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What We Read Today 22 July 2014

Econintersect: Every day our editors collect the most interesting things they find from around the internet and present a summary "reading list" which will include very brief summaries of why each item has gotten our attention. Suggestions from readers for "reading list" items are gratefully reviewed, although sometimes space limits the number included.

  • Russia challenges US accusations on MH17 (Kathrin Hille, Financial Times) Russia charges that either a Ukrainian military aircraft or a Ukrainian Buk-M1 ant-aircraft battery could be responsible for the destruction Malaysia Airlines Flight MH17. They offer data from Russian monitoring services.

  • Corn and Wheat ETFs Hammered (Mark Moskowitz, Comment on LinkedIn) Market close Monday for NYSE:CORN was $26.21, down 5.3% from Thursday's intraday high and NYSE:WEAT was $12.88, down 4.0%. WEAT had a good day Monday, however, recovering 1.3% by the close from a Monday morning low of $12.71.
  • The Truth about Treating Lyme Disease (Isaac Eliaz, MD, MS, LAC,integrative medicine pioneer; Maria's Farm Country Kitchen, Rodale Press) This article highlights the harmful effects of heavy metal toxins, possible genetic susceptibilities and even the possibility that Lyme disease may be a STD (sexually transmitted disease). Dr. Eliaz discusses how the Lyme spirochete, Borrelia burgdorferi, if not treated successfully within several weeks of infection can "hide out" in various locations in the human body. The article discusses some non-traditional treatments for the disease. See GEI News articles about Lyme disease.
  • Highest points in each state (Connie Ricca, MSN Weather) From Alaska to Florida (that' s most northwestern to most southeastern) one goes from the highest to the lowest top elevations. Watch a great slide show.


There are 10 articles discussed today 'behind the wall'.

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  • US labour market improving but it is not all good (Bill Mitchell, billy blog) Hat tip to Roger Erickson. Prof. Mitchell has a rather unique graphical representation of the U.S. employment situation (below). He has a thorough discussion of the data and addresses possible structural employment changes. His estimate that demographics can account for perhaps 25% of the employment lag would put the line defining structural employment problems somewhere between the green and blue lines in the graph, probably closer to the blue. Here are his overall conclusions:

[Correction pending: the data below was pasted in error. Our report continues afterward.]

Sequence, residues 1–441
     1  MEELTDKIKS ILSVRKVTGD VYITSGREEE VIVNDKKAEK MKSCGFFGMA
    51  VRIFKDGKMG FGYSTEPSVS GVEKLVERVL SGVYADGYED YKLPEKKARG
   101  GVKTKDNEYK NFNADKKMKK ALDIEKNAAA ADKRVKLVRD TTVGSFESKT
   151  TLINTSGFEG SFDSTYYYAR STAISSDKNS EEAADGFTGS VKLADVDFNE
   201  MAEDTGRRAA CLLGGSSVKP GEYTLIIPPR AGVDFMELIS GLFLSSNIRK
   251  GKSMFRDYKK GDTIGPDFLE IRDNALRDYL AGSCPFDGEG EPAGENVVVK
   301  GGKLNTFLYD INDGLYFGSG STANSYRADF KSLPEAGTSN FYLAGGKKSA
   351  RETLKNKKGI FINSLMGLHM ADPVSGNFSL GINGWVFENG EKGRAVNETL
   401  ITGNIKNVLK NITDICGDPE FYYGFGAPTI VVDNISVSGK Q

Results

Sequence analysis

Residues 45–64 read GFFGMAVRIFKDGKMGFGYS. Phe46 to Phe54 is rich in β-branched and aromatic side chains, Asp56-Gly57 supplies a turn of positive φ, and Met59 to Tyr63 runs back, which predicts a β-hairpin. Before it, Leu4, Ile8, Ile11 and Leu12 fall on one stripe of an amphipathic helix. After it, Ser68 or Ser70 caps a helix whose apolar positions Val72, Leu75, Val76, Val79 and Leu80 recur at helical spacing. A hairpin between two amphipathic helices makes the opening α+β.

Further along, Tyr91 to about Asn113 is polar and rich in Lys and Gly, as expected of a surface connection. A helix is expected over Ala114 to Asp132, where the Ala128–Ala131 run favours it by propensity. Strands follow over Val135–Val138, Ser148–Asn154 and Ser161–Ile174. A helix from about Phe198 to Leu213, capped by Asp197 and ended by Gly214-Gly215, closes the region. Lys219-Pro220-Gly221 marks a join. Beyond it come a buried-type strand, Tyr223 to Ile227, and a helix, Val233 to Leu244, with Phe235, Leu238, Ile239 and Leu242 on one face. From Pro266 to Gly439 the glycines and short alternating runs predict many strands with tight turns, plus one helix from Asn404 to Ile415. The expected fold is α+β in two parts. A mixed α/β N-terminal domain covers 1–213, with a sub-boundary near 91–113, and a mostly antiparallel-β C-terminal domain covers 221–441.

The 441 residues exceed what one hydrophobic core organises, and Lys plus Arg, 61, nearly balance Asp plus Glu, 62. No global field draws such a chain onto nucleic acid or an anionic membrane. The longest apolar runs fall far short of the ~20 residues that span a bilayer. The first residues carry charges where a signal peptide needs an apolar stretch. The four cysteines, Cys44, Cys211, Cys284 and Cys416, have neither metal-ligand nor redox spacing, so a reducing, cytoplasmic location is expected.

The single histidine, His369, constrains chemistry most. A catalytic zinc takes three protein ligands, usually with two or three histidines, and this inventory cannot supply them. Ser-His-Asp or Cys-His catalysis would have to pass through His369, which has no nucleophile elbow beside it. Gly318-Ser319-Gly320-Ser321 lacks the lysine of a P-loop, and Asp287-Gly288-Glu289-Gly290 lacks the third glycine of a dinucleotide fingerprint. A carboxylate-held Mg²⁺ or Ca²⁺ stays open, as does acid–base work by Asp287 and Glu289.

• The US fiscal deficit has remained large enough to support some growth and allow some confidence to be regained in the private sector.
  • The results is that employment growth has gathered in pace although the underlying state of the labour market remains fragile.
  • If the employment growth remains stronger as it has been in the last few months, then the cyclical adjustment in the labour force participation rate will start to push unemployment back up.
  • The implied hidden unemployment is huge at present.


  • Third Time Is the Charm? (Alan Hartley, Advisor Perspectives Hartley presents a convincing argument that stock market returns will be very meager over the next several years. The title could also have been "This Time is Different?" which gives you the correct impression that "charm" is used sarcastically.
  • Class Warfare is Naked Aggression, not Misguided Policy (Dan Kervick, Rugged Egalitarianism) Dan Kervick has contributed to GEI. Kervick compares CEO pay (up 21% since 2010) and corporate profits (up 35% since 2011) with falling wages and household incomes. (Econintersect: Real median family income is down 8% since 2006.)


Click on graph for larger image at Macro Business.

  • The Inflation Truther Crank Index (Barry Ritholtz, Bloomberg) We could not find an actual index in the article, but it is still a worthwhile discussion of why inflation is both (1) not what it seems to you and (2) not what is reported in official statistics.
  • When investors are complacent, stupid deals happen (James Mackintosh, Financial Times) This year is on track to be the biggest M&A year ever. And when mergers and acquisitions get very numerous markets have fallen sharply thereafter. Is this time different?


  • Tapering Is Now Tightening (David Kotok, The Big Picture) Kotok argues that the Fed is approaching the point at which tapering will take the Fed purchases each month below the rate at which the Treasury is issuing new debt. Once that happens Kotok says the effect will be a monetary tightening because interest rates on long-term bonds will start to rise once the Fed stops buying all that are issued. Econintersect: That argument requires the assumption that the Fed will start to increase short-term rates. If that doesn't happen then the yield curve will steepen and a long-short carry trade will bid up the price of the long-term issues offsetting the diminished Fed buying.


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